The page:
In this travel blog, I would like to share a few delights experienced during this holiday with my friends. In the previous blog Tuscany with the girls, I covered the hotel where we stayed in Florence, some restaurants we dined at, some sightseeing tips and a tour of the movies filmed there.
Here I would like to speak about other things, mainly to do with food and drink.
First thing in the morning, what do we need? Coffee!
For Italians, it’s in their culture to have several coffees daily. Every cafe in Italy of course serves your espresso, espresso macchiato, americano, espresso doppio, cappuccino, caffe latte and the list goes on. It is quite usual for Italians to drink it on the go and standing up. What I learnt on this holiday is that in Florence city, they have a special coffee on their menus and it is called “Marocchino”. It is served in a small glass and consists of a shot of espresso, cocoa powder and milk froth!
How to order your coffees in Italy – a Quick Guide
Caffè: This literally means “coffee,” but please note in Italy, it’s an espresso! So you don’t have to say “espresso” when you order.
Cappuccino: Espresso topped up with hot, foamed milk. It’s named after the Capuchin monks, because of the colour of their hoods.
Caffè macchiato: This means a “stained” coffee, and in this case, it’s mixed with a splash of hot milk.
Latte macchiato: Guess what this means? “Stained milk”—in this case, it is a lot of milk with a dash of coffee.
Caffè americano: If you order an “American coffee,” you’ will get a mix of Italian espresso with hot water added.
Caffè lungo: A large coffee, i.e. with more water. It’s different to the americano in that the difference actually happens at the espresso machine
Sfogliatelle alla Napoletana
One of the girls who has been to Florence many times, suggested we try these delicious pastries with our morning coffees and how right she was about them being amazingly divine! They reminded me in look and texture of the traditional Maltese “pastizzi” snack in texture, but these are lighter and are filled with sweet ricotta cheese, cinnamon and vanilla flavouring. Trust me, it tastes like heaven in a bite! Try one if ever you come across them in Italy.
Tuscany is famous for its pecorino cheeses so if you are a cheese lover, here you will find a wide choice of products to your liking. From North to South, we learnt that Tuscan cheeses are made following ancient techniques and production processes handed down over the centuries, from one generation to the next. There is a large selection of fresh and aged Pecorino cheeses. (The word Pecorino derives from the Italian word “pecora” which means sheep).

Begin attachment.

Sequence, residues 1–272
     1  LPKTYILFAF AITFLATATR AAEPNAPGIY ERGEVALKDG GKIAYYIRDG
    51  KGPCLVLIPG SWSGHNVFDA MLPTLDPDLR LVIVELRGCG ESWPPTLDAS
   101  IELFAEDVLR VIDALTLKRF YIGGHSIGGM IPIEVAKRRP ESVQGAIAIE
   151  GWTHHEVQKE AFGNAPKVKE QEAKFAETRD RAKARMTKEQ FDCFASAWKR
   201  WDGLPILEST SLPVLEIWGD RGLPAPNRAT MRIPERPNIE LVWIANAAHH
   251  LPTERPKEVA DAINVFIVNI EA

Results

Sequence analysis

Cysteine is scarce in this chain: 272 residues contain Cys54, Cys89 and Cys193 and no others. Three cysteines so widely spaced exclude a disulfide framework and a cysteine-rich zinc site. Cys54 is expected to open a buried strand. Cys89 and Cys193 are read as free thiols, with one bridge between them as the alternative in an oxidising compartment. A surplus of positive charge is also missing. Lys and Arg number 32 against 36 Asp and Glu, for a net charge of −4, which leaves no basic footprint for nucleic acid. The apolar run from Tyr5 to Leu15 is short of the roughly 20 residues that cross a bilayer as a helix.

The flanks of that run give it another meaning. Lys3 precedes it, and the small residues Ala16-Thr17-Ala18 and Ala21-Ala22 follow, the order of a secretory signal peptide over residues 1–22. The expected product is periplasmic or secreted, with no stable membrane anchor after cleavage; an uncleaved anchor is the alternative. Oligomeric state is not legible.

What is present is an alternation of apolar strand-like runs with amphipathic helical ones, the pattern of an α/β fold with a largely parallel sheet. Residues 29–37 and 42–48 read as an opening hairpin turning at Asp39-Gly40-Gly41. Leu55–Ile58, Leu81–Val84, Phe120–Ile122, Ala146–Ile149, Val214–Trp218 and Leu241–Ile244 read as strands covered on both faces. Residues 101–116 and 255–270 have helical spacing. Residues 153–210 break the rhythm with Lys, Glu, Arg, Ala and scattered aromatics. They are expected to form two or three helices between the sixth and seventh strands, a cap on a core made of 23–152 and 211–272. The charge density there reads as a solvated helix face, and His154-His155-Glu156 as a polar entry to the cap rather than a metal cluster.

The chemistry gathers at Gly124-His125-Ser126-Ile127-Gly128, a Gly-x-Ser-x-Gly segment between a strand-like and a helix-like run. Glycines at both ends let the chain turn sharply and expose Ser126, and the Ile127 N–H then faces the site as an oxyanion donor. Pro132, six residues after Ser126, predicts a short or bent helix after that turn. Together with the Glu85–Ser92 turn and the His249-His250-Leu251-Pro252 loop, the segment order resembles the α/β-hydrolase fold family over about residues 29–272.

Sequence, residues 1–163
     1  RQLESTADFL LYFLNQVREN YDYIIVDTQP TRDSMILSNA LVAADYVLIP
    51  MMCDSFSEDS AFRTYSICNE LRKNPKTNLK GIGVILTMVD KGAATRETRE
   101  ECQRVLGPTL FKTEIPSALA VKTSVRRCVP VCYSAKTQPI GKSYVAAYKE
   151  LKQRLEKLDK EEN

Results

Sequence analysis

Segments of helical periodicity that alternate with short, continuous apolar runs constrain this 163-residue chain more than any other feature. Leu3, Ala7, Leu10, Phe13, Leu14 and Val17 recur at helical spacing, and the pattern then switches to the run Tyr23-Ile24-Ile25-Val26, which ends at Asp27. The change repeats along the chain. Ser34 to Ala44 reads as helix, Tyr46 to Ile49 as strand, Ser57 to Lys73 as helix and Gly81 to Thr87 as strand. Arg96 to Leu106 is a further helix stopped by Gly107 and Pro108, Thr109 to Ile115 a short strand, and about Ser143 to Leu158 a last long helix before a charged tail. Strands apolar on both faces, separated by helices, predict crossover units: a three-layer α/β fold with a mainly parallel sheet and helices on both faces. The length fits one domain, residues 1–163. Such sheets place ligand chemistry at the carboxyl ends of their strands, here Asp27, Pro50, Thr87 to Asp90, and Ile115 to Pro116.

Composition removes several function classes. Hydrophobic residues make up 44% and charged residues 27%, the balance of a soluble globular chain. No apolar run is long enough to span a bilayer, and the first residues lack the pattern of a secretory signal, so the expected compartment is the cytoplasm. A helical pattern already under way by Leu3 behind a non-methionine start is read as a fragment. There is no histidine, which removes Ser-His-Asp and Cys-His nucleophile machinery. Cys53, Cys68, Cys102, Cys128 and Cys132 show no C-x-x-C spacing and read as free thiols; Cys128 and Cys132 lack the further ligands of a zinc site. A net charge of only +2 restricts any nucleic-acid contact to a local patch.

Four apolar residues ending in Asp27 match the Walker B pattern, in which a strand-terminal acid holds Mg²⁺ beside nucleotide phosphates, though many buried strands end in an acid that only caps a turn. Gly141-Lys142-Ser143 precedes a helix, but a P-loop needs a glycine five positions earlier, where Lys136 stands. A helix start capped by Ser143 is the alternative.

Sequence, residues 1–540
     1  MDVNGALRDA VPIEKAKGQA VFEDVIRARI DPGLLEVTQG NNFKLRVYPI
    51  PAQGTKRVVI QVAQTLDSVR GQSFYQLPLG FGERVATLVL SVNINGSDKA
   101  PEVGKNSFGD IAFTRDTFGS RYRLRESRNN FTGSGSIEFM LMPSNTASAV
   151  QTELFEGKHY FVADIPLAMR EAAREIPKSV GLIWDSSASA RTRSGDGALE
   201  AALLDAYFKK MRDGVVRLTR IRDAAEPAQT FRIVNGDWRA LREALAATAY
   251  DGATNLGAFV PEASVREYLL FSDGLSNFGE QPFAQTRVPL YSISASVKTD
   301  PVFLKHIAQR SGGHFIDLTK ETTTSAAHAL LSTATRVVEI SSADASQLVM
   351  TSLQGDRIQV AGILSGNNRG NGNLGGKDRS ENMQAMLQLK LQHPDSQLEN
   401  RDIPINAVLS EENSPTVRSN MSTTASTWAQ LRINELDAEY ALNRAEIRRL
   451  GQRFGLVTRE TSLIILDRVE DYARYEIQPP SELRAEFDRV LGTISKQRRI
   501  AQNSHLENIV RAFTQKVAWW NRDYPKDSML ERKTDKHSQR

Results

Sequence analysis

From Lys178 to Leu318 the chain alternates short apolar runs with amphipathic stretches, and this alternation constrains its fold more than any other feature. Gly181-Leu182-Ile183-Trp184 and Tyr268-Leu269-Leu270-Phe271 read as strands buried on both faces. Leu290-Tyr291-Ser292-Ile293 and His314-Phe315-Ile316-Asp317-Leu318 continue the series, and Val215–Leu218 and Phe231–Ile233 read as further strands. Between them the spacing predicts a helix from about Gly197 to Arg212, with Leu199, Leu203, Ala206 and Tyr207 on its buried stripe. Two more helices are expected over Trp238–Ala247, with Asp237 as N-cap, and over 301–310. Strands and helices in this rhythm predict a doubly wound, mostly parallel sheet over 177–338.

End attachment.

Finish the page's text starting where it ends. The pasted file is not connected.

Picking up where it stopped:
After Sardinia, Tuscany is one of the largest producer of sheep milk in Italy. Pecorino cheese in Tuscany has ancient origins dating back to the Etruscan times. Sheep farming is spread across the country but the highest concentration is in Grosseto and Siena.
During our wine tasting tours, in Montepulciano, Cortona and Chianti, we got to sample some interesting combinations including Pistoia Mountain Pecorino produced for centuries using raw sheep’s milk (unpasteurized milk), some aged Pecorino Baccellone and goat cheeses from the Mugello and Maremma that are flavoured with black and red pepper, chives, garlic, oregano, chopped almonds and basil. These are only a tiny sample of the cheese that Tuscany has to offer. There are more than 30 types of traditional Tuscan cheese products and hundreds of other local delicacies that are worth a taste! So, that means I have another excuse, apart from the shopping to re-visit!
Bistecca alla Fiorentina
Unless you are vegetarian, one cannot visit Florence without ordering a Bistecca Fiorentina. T-bone steak is one of the most famous dishes you may find almost everywhere in Florence. The name refers to the particular cut of the meat. Normally the Fiorentina steak is cooked on a wood grill. In some restaurants, you can admire the interesting way they align the steak in vertical pairs. As a measure, if you order one bistecca for two, expect to spend at the very least 40 euros for around a kilo of steak. They serve excellent ones at Mamma Gina, Trattoria Marione and Osteria de Giovanni.
Wine Tasting Tour at Castello del Trebbio
Last but not least, we enjoyed a pleasant and informative excursion to Castello del Trebbio. Located on a 350-hectare estate with vineyards, this enchanting castle in the twelfth century belonged to the renowned Pazzi family. In the fifteenth century, ownership was transferred to the Medici family who converted it into a villa. The current family purchased it in 1968 and today they have restored it beautifully, staying true to its origins.
The estate situated in magnificent surroundings, like you see in the movie Under the Tuscan Sun, it comprises about 60 hectares of grapes, 10,000 olive trees and a forest. We enjoyed a well-presented tour of the castle, the old and the new wine cellars including a wine and olive oil tasting. Our fabulous and very friendly guide Alberto gave us information about the history of the castle and also enthusiastically gave us a few tips about wines, how to taste them, how to hold the glasses to observe the colouring, and things I did not know before this tour. These wines and olive oils are the real deal. Outstanding quality. If you are looking to go on such a tour, I highly recommend this venue.
We were also informed that they offer wedding packages including accommodation and dining options at their award-winning restaurant La Sosta del Gusto. We were hoping that one of the single ladies on the trip would choose this venue to hold their wedding ceremony, so that we could all come back for a few laughs and cheers together.
Thats it from me in this blog. I hope you found it a little informative.
Until the next, destination, keep following my fashion and travel blogs on www.graziellecamilleri.com/blog for updates!